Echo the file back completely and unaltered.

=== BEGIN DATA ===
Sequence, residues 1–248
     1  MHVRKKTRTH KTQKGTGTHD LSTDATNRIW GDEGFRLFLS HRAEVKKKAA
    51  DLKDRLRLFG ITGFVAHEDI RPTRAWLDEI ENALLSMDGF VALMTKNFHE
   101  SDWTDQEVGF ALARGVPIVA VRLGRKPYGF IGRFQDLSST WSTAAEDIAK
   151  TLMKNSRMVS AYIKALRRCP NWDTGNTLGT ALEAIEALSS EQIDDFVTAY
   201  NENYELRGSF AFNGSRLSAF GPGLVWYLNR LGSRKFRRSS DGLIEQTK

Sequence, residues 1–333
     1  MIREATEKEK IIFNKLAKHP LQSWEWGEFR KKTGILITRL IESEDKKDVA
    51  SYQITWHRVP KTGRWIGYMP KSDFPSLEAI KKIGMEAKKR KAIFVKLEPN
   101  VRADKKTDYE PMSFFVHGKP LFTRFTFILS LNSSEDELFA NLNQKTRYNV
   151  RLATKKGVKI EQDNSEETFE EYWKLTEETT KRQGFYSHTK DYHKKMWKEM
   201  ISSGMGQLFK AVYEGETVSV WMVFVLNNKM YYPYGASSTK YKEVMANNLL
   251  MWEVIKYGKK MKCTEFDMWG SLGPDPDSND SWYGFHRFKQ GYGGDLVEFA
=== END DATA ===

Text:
Sequence, residues 1–248
     1  MHVRKKTRTH KTQKGTGTHD LSTDATNRIW GDEGFRLFLS HRAEVKKKAA
    51  DLKDRLRLFG ITGFVAHEDI RPTRAWLDEI ENALLSMDGF VALMTKNFHE
   101  SDWTDQEVGF ALARGVPIVA VRLGRKPYGF IGRFQDLSST WSTAAEDIAK
   151  TLMKNSRMVS AYIKALRRCP NWDTGNTLGT ALEAIEALSS EQIDDFVTAY
   201  NENYELRGSF AFNGSRLSAF GPGLVWYLNR LGSRKFRRSS DGLIEQTK

Sequence, residues 1–333
     1  MIREATEKEK IIFNKLAKHP LQSWEWGEFR KKTGILITRL IESEDKKDVA
    51  SYQITWHRVP KTGRWIGYMP KSDFPSLEAI KKIGMEAKKR KAIFVKLEPN
   101  VRADKKTDYE PMSFFVHGKP LFTRFTFILS LNSSEDELFA NLNQKTRYNV
   151  RLATKKGVKI EQDNSEETFE EYWKLTEETT KRQGFYSHTK DYHKKMWKEM
   201  ISSGMGQLFK AVYEGETVSV WMVFVLNNKM YYPYGASSTK YKEVMANNLL
   251  MWEVIKYGKK MKCTEFDMWG SLGPDPDSND SWYGFHRFKQ GYGGDLVEFA